The Fallen Watchtower Review: Lions vs. falcons

>> 10.26.2011

I did get something sort-of resembling a Watchtower up before the Falcons game on Sunday, if only just. Without any of the historical breakdown or schematic analysis, I just looked at season ranks and averages. It was done entirely on my iPhone in stolen moments. It looks like it:

The Falcons have the NFL's 17th-ranked offense, averaging 22.5 points per game. The passing attack has garnered a respectable-but-not-great 6.22 YpC, while the rushing game is netting a very solid 4.37 YpC.

The Lions defense is allowing a stingy 19.0 points per game, 7th-fewest in the NFL. Opponents are passing for a miniscule 5.55 YpA, while they're running all over the Lions at a 5.21 YpC clip.

The Falcons power running game directly attacks the Lions defensive Achilles heel. Then again, so did the 49ers, and their offensive output exactly matched my projections. Therefore, I project the Falcons to score 17-20 points, throw for 5.5-6.0 YpA, and run for 5.0-5.25 YpC. I have medium confidence in this projection.

The Falcons scored 23 offensive points, just above what I'd projected. Their passing game slightly outperformed expectations as well, gaining 6.23 YpA--matching their season average to 1/100th of a yard. The running game actually performed BELOW their season average, well below my projections: 4.16 YpC.

This is an example of what I call the "Whack-a-Mole" effect. When a defense has a glaring weakness in one area and they’re going up against an offense with a corresponding strength, often the D will “sell out” the strength of their D to shore up the weakness. The net result is usually the same in terms of team scoring and overall per-play effectiveness.

This is best known to fantasy football fiends who are drooling over starting their stud running back against the worst run defense in the league. Somehow that never quite results in 200 yards and 3 TDs, does it? According to Mike Mady at, the Lions were emphasizing the back seven stopping the run against the Falcons; could it be that pass coverage suffered as a result? I’ll go back and look at this.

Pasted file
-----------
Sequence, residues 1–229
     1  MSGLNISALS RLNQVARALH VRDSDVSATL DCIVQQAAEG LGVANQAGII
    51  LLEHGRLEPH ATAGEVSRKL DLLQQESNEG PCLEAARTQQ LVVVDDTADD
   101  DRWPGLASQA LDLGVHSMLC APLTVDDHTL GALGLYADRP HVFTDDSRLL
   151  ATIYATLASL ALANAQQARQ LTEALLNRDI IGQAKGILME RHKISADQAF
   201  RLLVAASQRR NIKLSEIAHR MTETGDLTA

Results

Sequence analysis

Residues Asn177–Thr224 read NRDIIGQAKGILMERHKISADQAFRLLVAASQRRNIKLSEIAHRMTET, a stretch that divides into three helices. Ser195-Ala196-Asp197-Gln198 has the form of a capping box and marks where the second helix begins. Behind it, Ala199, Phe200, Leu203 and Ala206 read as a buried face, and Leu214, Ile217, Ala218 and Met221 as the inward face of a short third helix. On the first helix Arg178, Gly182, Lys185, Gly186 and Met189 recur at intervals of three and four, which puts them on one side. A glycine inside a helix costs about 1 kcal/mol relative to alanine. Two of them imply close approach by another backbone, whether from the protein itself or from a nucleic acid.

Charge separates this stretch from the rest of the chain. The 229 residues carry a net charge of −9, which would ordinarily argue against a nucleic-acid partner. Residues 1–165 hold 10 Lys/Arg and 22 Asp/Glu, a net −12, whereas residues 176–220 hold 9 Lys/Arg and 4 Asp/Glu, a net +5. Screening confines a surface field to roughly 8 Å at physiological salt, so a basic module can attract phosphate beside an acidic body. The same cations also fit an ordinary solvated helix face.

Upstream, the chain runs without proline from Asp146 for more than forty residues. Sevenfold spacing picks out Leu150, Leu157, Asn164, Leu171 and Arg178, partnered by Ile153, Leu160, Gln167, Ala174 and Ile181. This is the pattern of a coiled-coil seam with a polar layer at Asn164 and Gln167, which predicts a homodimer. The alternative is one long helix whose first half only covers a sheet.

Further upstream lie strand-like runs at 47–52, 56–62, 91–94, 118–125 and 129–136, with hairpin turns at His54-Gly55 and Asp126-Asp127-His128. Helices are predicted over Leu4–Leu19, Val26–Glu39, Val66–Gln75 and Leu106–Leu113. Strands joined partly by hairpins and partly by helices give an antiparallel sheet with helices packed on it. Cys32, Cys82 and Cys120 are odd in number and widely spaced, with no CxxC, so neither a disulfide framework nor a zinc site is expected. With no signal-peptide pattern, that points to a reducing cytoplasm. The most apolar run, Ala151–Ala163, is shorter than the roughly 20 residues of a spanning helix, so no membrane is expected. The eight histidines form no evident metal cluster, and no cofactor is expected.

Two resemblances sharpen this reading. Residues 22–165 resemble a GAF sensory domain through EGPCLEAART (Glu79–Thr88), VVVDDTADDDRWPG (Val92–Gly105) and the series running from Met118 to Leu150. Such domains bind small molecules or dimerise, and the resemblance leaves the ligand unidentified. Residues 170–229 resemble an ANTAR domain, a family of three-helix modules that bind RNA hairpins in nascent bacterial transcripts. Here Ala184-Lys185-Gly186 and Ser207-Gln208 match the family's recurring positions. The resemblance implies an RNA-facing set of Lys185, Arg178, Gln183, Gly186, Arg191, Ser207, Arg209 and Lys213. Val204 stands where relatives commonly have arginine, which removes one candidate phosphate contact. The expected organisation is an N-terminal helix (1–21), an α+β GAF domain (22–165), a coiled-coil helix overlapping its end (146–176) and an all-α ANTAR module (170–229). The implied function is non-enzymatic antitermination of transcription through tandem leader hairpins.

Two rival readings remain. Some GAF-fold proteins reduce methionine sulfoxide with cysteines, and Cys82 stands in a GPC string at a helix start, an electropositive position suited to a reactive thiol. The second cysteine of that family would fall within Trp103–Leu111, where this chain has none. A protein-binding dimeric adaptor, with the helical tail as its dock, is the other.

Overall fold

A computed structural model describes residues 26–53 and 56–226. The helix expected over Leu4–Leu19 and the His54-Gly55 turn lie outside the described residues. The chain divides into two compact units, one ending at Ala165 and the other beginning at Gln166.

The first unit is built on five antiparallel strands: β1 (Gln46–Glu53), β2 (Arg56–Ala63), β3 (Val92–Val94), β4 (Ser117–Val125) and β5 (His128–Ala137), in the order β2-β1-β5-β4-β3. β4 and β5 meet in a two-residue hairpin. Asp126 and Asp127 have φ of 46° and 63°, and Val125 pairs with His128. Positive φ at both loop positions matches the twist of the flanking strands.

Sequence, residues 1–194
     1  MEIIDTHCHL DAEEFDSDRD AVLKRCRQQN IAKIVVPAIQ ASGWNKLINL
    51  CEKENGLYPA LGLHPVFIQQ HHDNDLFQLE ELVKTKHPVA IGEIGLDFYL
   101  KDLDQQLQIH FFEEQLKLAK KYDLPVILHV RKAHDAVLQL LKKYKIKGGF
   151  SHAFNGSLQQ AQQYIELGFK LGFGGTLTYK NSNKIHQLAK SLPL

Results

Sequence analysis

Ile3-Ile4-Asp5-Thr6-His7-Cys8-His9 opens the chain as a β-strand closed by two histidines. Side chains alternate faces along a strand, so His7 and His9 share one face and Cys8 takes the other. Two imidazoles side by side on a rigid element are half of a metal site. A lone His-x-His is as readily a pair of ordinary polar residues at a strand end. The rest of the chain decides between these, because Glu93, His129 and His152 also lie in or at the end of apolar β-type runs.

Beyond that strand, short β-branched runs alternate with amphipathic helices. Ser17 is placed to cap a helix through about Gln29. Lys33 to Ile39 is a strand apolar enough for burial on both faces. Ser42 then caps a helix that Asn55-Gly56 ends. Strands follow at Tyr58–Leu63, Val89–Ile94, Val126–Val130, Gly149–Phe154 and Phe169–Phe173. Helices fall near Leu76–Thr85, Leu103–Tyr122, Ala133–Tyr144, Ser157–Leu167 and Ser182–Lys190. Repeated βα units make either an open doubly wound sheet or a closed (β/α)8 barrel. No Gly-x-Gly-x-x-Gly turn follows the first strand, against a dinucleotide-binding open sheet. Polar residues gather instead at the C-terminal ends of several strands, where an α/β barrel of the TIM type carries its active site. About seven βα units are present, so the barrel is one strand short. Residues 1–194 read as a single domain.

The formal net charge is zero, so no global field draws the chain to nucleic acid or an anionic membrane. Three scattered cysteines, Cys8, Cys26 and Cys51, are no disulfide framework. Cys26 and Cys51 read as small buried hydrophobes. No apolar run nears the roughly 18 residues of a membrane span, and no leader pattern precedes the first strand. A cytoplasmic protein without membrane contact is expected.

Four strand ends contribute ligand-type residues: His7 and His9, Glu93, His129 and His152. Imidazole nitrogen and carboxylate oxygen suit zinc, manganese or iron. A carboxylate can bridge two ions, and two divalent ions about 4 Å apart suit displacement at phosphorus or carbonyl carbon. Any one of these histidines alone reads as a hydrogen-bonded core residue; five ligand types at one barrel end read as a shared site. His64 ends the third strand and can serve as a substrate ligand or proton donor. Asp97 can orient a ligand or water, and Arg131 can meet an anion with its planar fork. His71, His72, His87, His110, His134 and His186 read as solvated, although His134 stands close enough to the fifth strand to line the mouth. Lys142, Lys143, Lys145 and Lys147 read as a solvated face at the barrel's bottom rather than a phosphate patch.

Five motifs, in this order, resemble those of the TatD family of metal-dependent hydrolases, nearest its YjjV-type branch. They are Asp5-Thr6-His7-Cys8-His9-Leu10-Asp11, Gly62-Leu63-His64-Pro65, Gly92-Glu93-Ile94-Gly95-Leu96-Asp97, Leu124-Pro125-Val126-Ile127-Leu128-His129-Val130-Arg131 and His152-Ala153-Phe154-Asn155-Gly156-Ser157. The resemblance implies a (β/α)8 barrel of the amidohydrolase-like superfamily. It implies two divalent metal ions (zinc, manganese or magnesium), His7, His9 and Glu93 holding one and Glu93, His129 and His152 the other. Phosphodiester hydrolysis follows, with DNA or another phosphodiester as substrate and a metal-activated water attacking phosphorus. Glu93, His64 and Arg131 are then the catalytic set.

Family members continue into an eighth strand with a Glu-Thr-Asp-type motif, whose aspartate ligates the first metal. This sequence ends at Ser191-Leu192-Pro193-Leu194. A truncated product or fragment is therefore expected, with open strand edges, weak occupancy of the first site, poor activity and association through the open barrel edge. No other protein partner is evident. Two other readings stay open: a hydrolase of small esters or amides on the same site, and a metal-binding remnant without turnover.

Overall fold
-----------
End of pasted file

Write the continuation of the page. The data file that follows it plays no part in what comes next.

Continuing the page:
The end result of the defense's effort would have looked much better if the Lions’ offense hadn’t repeatedly hung the defense out to dry:

The Lions offense is still the 4th-best in the NFL, racking up 29.7 points per game. The passing attack is slightly slowed after last week's performance, but still high-flying at 6.99 YpA. The ground game is chugging along at 3.92 YpC.

The Falcons are allowing a ridiculous 7.97 YpA, surely a big part of why they're allowing a 22nd-best 24.5 points per game. The run defense is much better, allowing 3.84 YpC.

The Falcons defense is particularly ill-equipped to stop the Lions pass attack. I project the Lions to score 34-37 points, passing for 9.50-10.0 YpA and rushing for 3.50-3.75 YpC. I have medium confidence in this projection.

The brutal reality: 16 points, 5.72 YpA, and—surprisingly—5.2 YpC.

This is the worst underperformance of expectations I’ve seen since Daunte Culpepper got the Lions completely shut out by the Packers (I’d projected 24-28 points). Let’s be clear, here: the Falcons allowed 8 YpA through six games and faced a team gaining 7 YpA and held them to less than 6 YpA. This does not compute.

This isn't Whack-a-Mole effect, either; if it were the Lions would have rolled up 200 yards on the ground and still scored 34-37 points. This has nothing to do with the Falcons defense and everything to do with the Lions offense playing like a shadow of itself.

Next up: numbers and film.


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